A spider’s web is the symbolic picture of a hypocrite’s so-called faith. It is designed to catch his prey, so just as the spider fattens himself on flies, the hypocritical Pharisee gets his reward. Foolish people are easily entrapped by the loud declarations of false believers, and even the most discerning does not always escape. Philip baptized Simon the Sorcerer, whose false profession of faith was quickly exploded by the stern rebuke of Peter (See Acts 8:9-24) Tradition, reputation, praise, advancement, and other “flies” are the small prey hypocrites trap in their nets. Look at the spider’s web and admire the cunning craftiness of the hunter, for the web is skillfully and wonderfully woven. Doesn’t a deceiver’s false faith appear equally wonderful?

How does he make such a bald-faced lie appear to be truth? How can he make his flimsy foil of an answer seem to be as pure as solid gold? The spider’s web comes completely from within its own bowels as opposed to the bee that gathers its wax from flowers. The spider takes nothing from a flower yet spins out the material for its web to any length it needs. Likewise, hypocrites find their trust and hope only within themselves. Their anchor is forged on their own anvil and the anchor’s chain is twisted into shape by their own hands. They lay their own foundation and fashion the pillars of their own house, rejecting with disgust the idea of being a debtor to the sovereign grace of God.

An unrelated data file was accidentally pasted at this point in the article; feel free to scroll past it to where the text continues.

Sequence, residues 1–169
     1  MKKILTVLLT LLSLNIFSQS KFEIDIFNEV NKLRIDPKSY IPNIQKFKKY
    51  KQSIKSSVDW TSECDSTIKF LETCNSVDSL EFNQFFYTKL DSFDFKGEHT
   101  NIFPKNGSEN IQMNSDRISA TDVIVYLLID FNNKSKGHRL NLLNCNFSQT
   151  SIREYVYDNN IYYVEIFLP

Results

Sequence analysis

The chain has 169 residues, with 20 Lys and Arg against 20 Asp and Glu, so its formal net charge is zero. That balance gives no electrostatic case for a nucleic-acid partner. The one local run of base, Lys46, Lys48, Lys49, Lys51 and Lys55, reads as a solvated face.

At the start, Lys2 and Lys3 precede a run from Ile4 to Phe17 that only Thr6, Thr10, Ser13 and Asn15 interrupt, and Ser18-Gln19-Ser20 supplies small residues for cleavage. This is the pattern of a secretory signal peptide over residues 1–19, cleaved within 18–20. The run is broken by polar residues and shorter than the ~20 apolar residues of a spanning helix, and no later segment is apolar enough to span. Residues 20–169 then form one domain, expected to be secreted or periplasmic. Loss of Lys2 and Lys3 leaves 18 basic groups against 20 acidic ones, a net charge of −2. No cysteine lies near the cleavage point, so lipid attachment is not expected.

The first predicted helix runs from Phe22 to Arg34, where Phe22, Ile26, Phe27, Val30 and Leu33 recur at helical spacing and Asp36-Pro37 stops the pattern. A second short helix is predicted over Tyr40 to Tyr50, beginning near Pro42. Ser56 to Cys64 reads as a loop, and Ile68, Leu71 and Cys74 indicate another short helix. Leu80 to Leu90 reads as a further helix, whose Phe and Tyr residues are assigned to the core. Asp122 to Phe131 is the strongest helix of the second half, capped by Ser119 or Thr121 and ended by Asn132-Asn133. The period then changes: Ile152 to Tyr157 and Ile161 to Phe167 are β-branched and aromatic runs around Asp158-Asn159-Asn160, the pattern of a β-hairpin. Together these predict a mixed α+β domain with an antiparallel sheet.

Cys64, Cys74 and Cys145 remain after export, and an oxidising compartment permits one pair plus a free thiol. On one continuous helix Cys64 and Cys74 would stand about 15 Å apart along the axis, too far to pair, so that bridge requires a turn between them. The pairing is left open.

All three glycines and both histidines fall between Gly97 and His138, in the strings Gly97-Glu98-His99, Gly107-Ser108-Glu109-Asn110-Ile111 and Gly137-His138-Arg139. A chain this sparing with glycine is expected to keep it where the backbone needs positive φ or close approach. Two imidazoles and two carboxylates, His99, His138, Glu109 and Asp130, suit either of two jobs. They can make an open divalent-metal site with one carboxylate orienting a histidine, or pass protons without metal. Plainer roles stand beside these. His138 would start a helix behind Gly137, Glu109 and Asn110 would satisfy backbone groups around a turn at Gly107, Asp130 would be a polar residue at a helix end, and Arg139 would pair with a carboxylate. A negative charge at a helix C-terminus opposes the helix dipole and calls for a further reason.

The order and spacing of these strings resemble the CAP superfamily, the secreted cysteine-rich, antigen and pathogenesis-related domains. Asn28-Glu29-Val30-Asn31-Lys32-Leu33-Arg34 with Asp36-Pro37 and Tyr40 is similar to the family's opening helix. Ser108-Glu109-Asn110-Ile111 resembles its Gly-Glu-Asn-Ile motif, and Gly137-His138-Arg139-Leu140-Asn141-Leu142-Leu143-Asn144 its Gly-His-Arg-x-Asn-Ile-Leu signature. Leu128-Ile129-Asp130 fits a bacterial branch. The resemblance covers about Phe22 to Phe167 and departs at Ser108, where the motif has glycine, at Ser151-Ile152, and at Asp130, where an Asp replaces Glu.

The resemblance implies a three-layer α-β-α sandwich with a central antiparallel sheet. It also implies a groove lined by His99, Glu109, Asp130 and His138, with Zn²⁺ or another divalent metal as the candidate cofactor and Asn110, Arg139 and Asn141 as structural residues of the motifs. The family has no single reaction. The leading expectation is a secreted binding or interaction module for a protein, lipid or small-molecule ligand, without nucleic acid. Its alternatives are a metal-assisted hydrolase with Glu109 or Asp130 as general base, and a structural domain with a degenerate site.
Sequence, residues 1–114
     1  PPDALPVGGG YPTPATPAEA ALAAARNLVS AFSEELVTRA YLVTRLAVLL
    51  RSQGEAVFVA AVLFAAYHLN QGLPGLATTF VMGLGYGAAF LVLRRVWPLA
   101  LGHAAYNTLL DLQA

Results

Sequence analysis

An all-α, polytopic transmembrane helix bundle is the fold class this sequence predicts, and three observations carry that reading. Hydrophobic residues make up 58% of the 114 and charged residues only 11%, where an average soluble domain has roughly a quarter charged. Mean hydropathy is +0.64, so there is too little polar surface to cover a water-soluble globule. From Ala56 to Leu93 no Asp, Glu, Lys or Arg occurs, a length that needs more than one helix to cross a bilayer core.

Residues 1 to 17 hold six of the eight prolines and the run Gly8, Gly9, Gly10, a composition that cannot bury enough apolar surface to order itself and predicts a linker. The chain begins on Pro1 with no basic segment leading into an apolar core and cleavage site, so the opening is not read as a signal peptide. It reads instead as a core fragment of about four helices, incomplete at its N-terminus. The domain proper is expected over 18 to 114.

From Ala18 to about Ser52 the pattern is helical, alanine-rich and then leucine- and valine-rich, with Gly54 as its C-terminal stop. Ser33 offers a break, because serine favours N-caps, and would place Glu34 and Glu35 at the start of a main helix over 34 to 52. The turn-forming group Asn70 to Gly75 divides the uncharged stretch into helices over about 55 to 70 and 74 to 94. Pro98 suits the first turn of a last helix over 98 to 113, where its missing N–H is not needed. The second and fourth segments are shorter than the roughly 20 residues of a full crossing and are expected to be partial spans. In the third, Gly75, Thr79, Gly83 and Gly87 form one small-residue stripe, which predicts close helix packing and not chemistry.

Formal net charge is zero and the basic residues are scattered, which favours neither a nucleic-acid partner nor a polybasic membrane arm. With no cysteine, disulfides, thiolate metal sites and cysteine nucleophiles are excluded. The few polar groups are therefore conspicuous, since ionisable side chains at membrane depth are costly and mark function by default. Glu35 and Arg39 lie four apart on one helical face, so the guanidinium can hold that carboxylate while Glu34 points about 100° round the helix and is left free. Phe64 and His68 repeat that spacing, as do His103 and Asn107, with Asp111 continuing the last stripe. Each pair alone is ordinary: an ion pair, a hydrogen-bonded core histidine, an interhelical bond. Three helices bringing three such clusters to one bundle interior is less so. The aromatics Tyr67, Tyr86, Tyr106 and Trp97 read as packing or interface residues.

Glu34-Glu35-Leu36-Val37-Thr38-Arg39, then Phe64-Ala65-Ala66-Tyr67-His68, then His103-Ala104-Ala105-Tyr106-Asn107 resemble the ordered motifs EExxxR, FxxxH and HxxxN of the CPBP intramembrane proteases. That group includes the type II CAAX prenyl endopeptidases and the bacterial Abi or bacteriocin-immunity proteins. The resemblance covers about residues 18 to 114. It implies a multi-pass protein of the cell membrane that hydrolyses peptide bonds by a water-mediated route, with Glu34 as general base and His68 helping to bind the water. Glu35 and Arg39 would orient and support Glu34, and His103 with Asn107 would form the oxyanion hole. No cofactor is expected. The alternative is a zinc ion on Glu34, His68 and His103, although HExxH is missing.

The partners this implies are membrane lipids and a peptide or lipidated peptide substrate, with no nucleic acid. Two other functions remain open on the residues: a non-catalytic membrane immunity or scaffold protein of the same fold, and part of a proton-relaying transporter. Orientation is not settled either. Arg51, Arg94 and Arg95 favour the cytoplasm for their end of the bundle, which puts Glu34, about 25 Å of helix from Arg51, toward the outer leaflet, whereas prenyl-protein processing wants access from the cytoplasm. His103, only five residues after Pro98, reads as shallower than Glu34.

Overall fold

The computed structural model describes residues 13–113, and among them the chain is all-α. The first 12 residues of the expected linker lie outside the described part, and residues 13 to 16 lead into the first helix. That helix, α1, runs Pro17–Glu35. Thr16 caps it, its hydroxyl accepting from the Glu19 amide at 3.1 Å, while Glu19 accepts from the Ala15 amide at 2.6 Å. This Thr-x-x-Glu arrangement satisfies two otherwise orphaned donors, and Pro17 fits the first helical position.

However, a spider’s web is fragile and frail. Yes, it is wonderfully formed, but it is not made to endure. It is not a match to someone’s walking cane or even a janitor’s broom. The hypocrite needs no battery of Armstrong artillery guns to blow his hope to pieces, for a mere puff of wind will do it. Hypocritical cobwebs will be quickly removed when the broom of destruction begins its purifying work, which brings up another thought, namely this: such cobwebs of deception will never be tolerated in the Lord’s house. The Lord Himself will see to it that the cobwebs, along with those who spin them, will be destroyed forever.

“O my soul” (Ps 103:2), rest on something better than a spider’s web. May the Lord Jesus be your eternal hiding place.


Thanks to MaxGrace, one of our readers, for bringing this devotional to our attention!

I’m Nobody Special; What Can I Do To Help Lazarus?

In the 1950’s through the 1970’s I was nurtured in a healthy Christian home by parents who have just now celebrated 63 years of marriage.  I’ve had the joy of being married 30+ years to a most wonderful husband.